Building a Dynasty: Science Olympiad Team Creates a Culture of Success

Brianna Rinn, Writer

It’s the first event of the day. 

Dynamic Planet. 

Southwest isn’t feeling the fatigue of studying the night before through the nerves of the competition. Senior Emily Udell and her partner, junior Rohan Tatineni, know how to work together. 

“We have the testing thing down, I did a lot of identification and chemical processes and he focused a lot on periodization of glaciers and more of the math behind it,” Udell said. 

Pencils scratching. 

Eyes straining. 


All sounds of a State Championship in the making. 

However, this championship is different from any typical NSAA sponsored sport. 

Science Olympiad is made up of 22 events like Codebusters, Circuit Lab and Dynamic Planet. In each of these events, partners take a test together which is graded and scored against other teams. The team with the highest score obtains 11 points, second gets two, and so on. The points between all the events are added up, and the team with the highest score wins. 

Using their unique skill sets, Udell and Tatineni each work on their separate halves, then cross-check. 

The pair is the last in the room, checking their test over and over again. 

After Dynamic Planet, they each move to their next event, where they will have different partners and different topics to cover. Udell moves to her second event, Sounds of Music, which is a part engineering, part study event. Tatineni moves to Codebusters.

At the state competition, teams do not have time to dwell on their previous tests. They must move on to their next events.

 “I didn’t really have any emotions after that because I had to get ready for the next one,” Udell said. 

Udell and her new partner, senior Tuong Phung, apply the same strategy as her and Tatineni. The pages of the test are divided up, worked on, checked, double-checked and triple-checked until the pair is satisfied.

After the test, Udell and Phung meet up with the rest of the team. 

It is time to wait for results. 

The work is done, the testing complete, all that’s left are the results. 

Nerves are high. Udell paces, sitting and standing and sitting back down. The Hawks anxiously await the tests to be scored at UNL.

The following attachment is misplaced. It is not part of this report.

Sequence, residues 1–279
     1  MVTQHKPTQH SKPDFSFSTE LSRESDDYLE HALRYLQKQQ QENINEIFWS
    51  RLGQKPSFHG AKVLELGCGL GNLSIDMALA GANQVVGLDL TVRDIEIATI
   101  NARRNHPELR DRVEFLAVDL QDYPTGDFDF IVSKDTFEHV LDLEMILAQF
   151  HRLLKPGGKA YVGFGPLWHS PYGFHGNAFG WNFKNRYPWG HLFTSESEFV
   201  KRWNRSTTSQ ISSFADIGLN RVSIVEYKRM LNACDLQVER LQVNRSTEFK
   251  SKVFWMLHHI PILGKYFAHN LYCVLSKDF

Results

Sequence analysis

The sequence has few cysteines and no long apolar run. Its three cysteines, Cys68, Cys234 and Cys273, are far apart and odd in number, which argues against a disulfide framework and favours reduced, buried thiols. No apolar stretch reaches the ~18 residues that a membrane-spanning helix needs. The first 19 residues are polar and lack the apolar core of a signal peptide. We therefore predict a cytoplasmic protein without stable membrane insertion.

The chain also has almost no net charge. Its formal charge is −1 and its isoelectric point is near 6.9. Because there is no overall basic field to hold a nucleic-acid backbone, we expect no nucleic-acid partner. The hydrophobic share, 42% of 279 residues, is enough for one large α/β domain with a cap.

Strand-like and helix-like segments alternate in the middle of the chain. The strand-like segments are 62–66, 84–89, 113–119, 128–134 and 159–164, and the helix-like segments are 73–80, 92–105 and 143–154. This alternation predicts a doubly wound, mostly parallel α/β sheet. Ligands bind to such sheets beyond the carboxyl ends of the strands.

“Every hour, I started to lower my standards, you start doubting yourself the more you overthink,” Udell said. 

The LSW team of 15 nervously talks amongst themselves about anything else besides the rigorous testing they just underwent. 

After six long hours of waiting for tests to be graded, they make their way to the auditorium for awards. Here, they will find out whether what they’ve been working for all year will be put to a halt or will continue on to the national competition.

The auditorium is filled with other Science Olympiad students from across the state. 

The team gets noticed as they pass by. When a team is going on nine state championships in a row, it merits a second glance.

“I think Southwest is definitely an intimidating force to compete against,” senior Kylie Sabo said. “Going into State our coaches told us, ’Everyone expects us to win.’ It’s interesting having that expectation on you. There’s a legacy we have to keep up.” 

The two-time State Champion thinks this expectation pushes the team further. This pressure is a positive force.

“We’ve definitely set a culture of winning into Southwest Science Olympiad, and I think since we have that culture so ingrained in us, it’s just expected of us. It leads us to be the best team we can be,” said Sabo.

In the past, this culture has carried them even further than winning state championships. 

It carries them to the national competition.

“We weren’t as focused on State being our end goal, it was more, ‘How high can we place at nationals?’ In order to do that, State was a hurdle we had to jump,” Udell said. 

To clear this hurdle the team would have to place first at the state competition, meaning Southwest would have to score the greatest amount of total team points. 

Third place was announced.

“Lincoln ScFo.”

Second place. 

“Lincoln East.”

And finally, first place.

“Lincoln Southwest.”

The Hawks won 17 out of the 22 events. Leading to their ninth state title in a row. Eleven in 12 years. More than any other activity at Southwest. They flew over the hurdle.

“This year we’re going for what we call a decade of dominance, which will be our tenth state title in a row,” Udell said.